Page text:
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How can I reduce menstrual pain?

Good health reflects the good quality of a human’s life. Both physical and mental health plays great importance in ensuring humans are able to lead a good healthy life. In the modern world, many health issues are able to be identified or treated, thanks to discoveries of effective medicine and medical procedures. When it comes to women’s health specifically, medicines such as Duphaston 10 mg is among the many medicines used to help treat conditions affecting reproductive health.

Menstruation, or known as period, is the normal vaginal bleeding that occurs as part of the woman’s monthly cycle. It is one of the big parts that plays a role in the women’s reproductive system. The body will prepare for pregnancy every month. Thus, when no pregnancy occurs, the lining of the uterus or womb sheds. Menstrual blood consists of blood and partly tissue from the inside of the uterus. Period typically starts between the age of 11 and 15 and will continue until menopause which is around the age of 50. Periods commonly last from 3 to 5 days. It is worth noting that a normal menstrual period can look slightly different than what is common. Do talk with the doctor if there are changes in the menstrual period cycle.

It is common for women to have menstrual pain during menstruation. Menstrual pain in medical terms is known as dysmenorrhea. More than half of women who menstruate have some pain for 1 to 2 days each month. In general, pain is mild but it can be severe in some women which might affect their normal daily life routine for several days a month.

There are 2 types of dysmenorrhea. The first one is known as primary dysmenorrhea. Primary dysmenorrhea is the cramping that comes before or during a period. This occurs due to the natural chemicals called prostaglandins that are made in the lining of the uterus. Prostaglandin causes the muscle and blood vessels of the uterus to contract. Since the level of prostaglandin is high on the first day of the period, pain becomes significant on this day and as the level or prostaglandin goes down as days goes by, the pain becomes less. The second one is known as secondary dysmenorrhea which often starts in later life and is caused by other conditions affecting the reproductive system such as endometriosis and uterine fibroids. Pain tends to get worse over time and often lasts longer than normal menstrual pain.

Symptoms often are a dull, throbbing pain in the lower abdomen. Most of the time women refer to this as menstrual cramp as there is cramping pain. Other symptoms include pain in the lower back and thighs, nausea or vomiting, dizziness, changes to bowel movement such as diarrhoea or constipation and headaches. While most of this symptom does not signify a serious condition, patients need to be careful if symptoms become severe or get worse, presence of blood clots that are bigger than usual and pain that is present outside of menstruation. These signs need to be taken seriously and patients need to get checked by a doctor.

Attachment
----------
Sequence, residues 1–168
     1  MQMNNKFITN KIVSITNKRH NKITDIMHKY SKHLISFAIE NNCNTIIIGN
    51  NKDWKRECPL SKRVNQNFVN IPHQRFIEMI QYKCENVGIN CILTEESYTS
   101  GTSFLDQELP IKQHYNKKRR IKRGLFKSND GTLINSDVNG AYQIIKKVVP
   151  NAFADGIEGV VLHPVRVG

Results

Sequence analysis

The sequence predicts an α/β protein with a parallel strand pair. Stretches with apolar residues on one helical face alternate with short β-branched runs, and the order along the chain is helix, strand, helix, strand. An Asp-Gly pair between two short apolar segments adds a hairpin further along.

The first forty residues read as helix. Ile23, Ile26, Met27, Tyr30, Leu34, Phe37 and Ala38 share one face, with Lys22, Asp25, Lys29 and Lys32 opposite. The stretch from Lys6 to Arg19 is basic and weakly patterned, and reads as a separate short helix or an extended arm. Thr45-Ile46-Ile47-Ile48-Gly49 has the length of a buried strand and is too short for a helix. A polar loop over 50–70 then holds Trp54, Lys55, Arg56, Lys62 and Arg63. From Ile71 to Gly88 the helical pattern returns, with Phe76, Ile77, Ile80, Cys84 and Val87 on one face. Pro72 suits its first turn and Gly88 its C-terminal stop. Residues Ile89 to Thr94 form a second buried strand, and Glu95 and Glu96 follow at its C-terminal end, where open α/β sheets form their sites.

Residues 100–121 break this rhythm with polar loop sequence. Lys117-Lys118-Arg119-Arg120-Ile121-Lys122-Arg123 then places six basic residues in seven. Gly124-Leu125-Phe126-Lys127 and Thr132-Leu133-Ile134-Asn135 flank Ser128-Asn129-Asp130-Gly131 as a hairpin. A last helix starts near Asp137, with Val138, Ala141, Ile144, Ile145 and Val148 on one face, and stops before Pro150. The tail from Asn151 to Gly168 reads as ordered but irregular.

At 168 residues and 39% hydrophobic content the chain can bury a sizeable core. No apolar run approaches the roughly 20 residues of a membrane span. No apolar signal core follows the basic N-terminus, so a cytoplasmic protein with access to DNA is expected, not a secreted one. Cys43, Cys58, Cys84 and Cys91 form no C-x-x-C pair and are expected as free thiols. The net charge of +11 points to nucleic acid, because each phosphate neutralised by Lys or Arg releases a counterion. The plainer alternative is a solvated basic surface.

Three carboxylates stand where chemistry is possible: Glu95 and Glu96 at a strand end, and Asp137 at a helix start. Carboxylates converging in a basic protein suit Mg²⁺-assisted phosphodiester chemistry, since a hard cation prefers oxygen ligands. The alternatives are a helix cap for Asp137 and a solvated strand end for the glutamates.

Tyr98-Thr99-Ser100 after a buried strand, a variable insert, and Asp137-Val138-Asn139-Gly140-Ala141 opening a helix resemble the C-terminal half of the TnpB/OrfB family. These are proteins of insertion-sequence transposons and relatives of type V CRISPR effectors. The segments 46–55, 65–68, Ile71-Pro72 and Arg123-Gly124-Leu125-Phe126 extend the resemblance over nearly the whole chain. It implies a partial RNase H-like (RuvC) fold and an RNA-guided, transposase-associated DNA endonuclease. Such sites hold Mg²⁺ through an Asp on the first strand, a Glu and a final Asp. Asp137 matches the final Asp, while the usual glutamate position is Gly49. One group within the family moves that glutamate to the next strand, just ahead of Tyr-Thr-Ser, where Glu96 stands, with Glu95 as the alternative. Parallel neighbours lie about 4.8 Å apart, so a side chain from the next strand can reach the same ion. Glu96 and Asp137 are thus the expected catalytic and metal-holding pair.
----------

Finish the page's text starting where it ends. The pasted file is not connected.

Since period pain can cause great stress, if you are or did experience it, you might want to know how to reduce the menstrual pain. The usual thing that can quickly ease the pain is to take over-the-counter pain relief such as nonsteroidal anti-inflammatory drugs (NSAIDs). As a matter of fact, products specifically catered for menstrual cramps are easily available in the market. This product usually combines pain relief with anti-prostaglandins. In some cases which are often characterised by very painful ones, can be treated with birth control such as pills, implant and intrauterine devices (IUDs). It is best to get birth control treatment from doctors as they can assist and advise on how to use it properly. When dysmenorrhea is caused by other underlying medical conditions, doctors usually recommend surgery or certain medications to tackle the issue.

Beside getting medication, there are other things that can be done to help reduce menstrual pain. You may want to try alternative treatments such as acupuncture or nerve stimulation therapies that eases the pain by focusing on manipulating the trigger points. Relaxation exercises and biofeedback are other kinds of therapies that can help cope with pain.

What you can do at home is to apply a heating pad or take a warm bath. You should also try to get enough sleep before and during the menstrual period. There is no certain exercise activity of specific duration that clearly be evident for reducing dysmenorrhea. Thus, maintaining an active lifestyle by exercise, mainly aerobic exercises such as walking, jogging, biking or swimming and a balanced diet rich in vitamins and minerals is generally recommended. Supplements such as vitamin B1 or magnesium may be helpful. It is important to tackle menstrual pain and if you are unable to cope with it, it may be time to have a discussion with the doctor on what you can do to ease the pain and ultimately, improve your quality of life.

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